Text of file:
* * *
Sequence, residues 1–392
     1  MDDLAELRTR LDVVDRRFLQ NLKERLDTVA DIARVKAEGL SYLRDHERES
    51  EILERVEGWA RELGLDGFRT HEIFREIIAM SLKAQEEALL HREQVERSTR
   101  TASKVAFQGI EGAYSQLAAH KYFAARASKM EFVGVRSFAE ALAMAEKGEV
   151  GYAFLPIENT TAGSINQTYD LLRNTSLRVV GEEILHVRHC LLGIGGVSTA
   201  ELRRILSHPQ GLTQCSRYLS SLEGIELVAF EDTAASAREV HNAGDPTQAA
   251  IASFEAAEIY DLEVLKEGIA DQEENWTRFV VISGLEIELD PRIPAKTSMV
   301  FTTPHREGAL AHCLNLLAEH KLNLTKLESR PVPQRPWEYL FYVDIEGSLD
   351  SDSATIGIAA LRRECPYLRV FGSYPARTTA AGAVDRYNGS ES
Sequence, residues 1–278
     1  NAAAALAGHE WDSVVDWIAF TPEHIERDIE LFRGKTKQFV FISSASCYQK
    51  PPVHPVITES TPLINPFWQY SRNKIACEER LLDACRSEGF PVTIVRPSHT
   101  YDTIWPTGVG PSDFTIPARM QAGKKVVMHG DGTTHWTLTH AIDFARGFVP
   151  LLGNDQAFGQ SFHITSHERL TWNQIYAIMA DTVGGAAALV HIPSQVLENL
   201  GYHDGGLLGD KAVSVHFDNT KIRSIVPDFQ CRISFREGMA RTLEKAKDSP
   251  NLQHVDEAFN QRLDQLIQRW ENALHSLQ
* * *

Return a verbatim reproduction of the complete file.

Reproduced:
Sequence, residues 1–392
     1  MDDLAELRTR LDVVDRRFLQ NLKERLDTVA DIARVKAEGL SYLRDHERES
    51  EILERVEGWA RELGLDGFRT HEIFREIIAM SLKAQEEALL HREQVERSTR
   101  TASKVAFQGI EGAYSQLAAH KYFAARASKM EFVGVRSFAE ALAMAEKGEV
   151  GYAFLPIENT TAGSINQTYD LLRNTSLRVV GEEILHVRHC LLGIGGVSTA
   201  ELRRILSHPQ GLTQCSRYLS SLEGIELVAF EDTAASAREV HNAGDPTQAA
   251  IASFEAAEIY DLEVLKEGIA DQEENWTRFV VISGLEIELD PRIPAKTSMV
   301  FTTPHREGAL AHCLNLLAEH KLNLTKLESR PVPQRPWEYL FYVDIEGSLD
   351  SDSATIGIAA LRRECPYLRV FGSYPARTTA AGAVDRYNGS ES
Sequence, residues 1–278
     1  NAAAALAGHE WDSVVDWIAF TPEHIERDIE LFRGKTKQFV FISSASCYQK
    51  PPVHPVITES TPLINPFWQY SRNKIACEER LLDACRSEGF PVTIVRPSHT
   101  YDTIWPTGVG PSDFTIPARM QAGKKVVMHG DGTTHWTLTH AIDFARGFVP
   151  LLGNDQAFGQ SFHITSHERL TWNQIYAIMA DTVGGAAALV HIPSQVLENL
   201  GYHDGGLLGD KAVSVHFDNT KIRSIVPDFQ CRISFREGMA RTLEKAKDSP
   251  NLQHVDEAFN QRLDQLIQRW ENALHSLQ